The effect of seed priming on the germination, emergence, and development of five different grass species
Watts, Jason Christopher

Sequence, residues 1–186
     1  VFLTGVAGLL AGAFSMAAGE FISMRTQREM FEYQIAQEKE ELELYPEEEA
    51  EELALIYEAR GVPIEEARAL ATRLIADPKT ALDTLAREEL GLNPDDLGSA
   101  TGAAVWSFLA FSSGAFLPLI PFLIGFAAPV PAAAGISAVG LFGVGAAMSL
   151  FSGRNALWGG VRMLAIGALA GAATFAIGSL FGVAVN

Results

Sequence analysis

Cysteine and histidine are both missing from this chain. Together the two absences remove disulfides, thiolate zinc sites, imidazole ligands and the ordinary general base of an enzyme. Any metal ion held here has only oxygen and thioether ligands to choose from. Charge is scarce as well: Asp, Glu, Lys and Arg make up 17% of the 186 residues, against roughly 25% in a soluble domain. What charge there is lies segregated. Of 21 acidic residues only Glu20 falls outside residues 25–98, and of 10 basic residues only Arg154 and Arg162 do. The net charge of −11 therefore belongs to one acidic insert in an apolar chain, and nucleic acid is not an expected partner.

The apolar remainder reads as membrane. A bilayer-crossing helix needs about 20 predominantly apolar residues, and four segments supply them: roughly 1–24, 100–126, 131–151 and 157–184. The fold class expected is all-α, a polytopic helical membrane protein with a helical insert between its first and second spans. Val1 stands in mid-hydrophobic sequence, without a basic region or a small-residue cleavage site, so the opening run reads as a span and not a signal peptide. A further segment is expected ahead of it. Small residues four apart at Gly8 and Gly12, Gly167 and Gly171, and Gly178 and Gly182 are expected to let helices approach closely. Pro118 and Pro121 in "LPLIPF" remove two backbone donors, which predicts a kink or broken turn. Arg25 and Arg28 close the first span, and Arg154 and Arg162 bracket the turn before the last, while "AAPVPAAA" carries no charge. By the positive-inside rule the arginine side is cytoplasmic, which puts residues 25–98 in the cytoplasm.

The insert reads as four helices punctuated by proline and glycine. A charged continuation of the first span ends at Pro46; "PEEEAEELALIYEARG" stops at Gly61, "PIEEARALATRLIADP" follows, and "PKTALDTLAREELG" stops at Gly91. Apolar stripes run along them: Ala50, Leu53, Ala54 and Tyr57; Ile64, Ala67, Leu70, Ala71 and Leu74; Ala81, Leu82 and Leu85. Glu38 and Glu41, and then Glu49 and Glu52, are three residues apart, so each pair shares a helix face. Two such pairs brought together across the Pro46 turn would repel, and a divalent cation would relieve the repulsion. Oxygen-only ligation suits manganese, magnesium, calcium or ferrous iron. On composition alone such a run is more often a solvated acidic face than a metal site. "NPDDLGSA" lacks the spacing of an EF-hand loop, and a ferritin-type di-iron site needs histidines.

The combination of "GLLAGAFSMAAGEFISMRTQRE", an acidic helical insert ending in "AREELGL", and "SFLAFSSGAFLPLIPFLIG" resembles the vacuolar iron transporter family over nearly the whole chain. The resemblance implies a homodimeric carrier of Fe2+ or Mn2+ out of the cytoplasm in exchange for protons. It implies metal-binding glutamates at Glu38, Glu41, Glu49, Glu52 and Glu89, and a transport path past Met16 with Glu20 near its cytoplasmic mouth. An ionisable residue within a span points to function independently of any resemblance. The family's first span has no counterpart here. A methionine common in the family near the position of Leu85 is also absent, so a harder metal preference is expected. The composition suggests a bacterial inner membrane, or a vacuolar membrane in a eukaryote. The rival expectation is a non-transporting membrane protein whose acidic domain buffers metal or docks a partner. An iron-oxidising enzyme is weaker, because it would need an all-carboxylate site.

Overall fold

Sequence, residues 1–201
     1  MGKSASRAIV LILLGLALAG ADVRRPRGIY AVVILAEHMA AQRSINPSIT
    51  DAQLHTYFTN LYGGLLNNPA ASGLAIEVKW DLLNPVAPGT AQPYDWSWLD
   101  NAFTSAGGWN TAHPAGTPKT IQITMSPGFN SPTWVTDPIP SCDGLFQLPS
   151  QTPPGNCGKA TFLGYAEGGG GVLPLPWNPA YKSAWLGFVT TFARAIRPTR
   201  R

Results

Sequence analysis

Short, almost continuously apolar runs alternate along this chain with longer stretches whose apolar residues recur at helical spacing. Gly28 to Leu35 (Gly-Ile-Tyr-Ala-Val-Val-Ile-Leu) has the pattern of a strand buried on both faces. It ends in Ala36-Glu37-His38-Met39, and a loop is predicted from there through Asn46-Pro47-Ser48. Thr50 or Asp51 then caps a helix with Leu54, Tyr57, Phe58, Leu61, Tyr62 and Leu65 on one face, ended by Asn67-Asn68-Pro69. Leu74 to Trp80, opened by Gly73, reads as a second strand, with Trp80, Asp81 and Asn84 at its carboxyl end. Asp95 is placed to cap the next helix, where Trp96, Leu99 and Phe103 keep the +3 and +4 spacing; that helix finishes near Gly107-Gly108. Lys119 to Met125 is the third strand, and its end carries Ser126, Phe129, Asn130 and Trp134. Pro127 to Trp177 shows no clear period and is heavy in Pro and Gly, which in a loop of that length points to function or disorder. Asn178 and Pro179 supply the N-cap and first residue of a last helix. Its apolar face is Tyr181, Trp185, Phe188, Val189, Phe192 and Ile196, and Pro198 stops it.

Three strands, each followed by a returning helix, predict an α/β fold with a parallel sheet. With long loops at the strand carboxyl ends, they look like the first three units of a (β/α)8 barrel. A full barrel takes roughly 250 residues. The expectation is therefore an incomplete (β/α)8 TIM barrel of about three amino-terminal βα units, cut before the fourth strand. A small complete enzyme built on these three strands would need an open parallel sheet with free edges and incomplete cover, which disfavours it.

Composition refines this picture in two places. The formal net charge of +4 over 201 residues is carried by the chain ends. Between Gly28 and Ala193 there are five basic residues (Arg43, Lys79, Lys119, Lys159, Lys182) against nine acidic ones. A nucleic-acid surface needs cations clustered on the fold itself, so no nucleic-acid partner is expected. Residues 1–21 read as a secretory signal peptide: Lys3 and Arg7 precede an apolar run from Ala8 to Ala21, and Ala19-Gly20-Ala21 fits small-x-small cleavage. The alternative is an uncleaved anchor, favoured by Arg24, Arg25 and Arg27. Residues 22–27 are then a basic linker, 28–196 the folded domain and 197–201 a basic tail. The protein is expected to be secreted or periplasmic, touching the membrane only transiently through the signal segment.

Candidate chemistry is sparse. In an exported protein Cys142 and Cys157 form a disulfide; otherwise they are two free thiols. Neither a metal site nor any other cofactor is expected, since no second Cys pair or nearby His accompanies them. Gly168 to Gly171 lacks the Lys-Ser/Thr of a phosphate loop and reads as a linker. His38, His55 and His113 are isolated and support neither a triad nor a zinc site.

The production and use of many native grasses is often limited because of high seed dormancy and poor seedling development which result in poor stand establishment. The objective of this study was to develop a simple seed priming method that incorporated the use of stratification. The effect this priming methodology had on the germination and emergence of several grass species was tested in a series of indoor and field experiments. Seeds of little bluestem ('Schizachyrium scoparium' [Michx.] Nash), blue grama ('Bouteloua gracilis' [Wild. ex Kunth] Lag. Ex Griffiths), green needlegrass ('Nassella viridula' [Trin.] Barkworth), prairie sandreed ('Calamovilfa longifolia' [Hook.] Scribn.), and Kentucky bluegrass ('Poa pratensis' L.) were placed into cloth bags and soaked for 24 hours in water or a 0.5% KNO3 solution. The seeds were chilled at 4C for either 1 week or 3 weeks, then dried on screens for 48 hours at 25C. Two controls were used to determine the effects of the priming treatments, one was completely untreated, the other was soaked in water for 1 hour, then dried without any chilling period. All little bluestem priming treatments had equally higher germination and emergence than untreated control seed. Priming green needlegrass for 3 weeks in a 0.5% KNO3 solution produced the greatest % germination and quickest emergence. Priming prairie sandreed for 3 weeks in water produced the highest emergence counts and fastest germination rate of all treatments. There was little advantage gained from priming blue grama and Kentucky bluegrass. The results of this research showed that seed priming has great potential for improving the germination and emergence of native grasses. However, the results will vary widely depending on species and environmental conditions.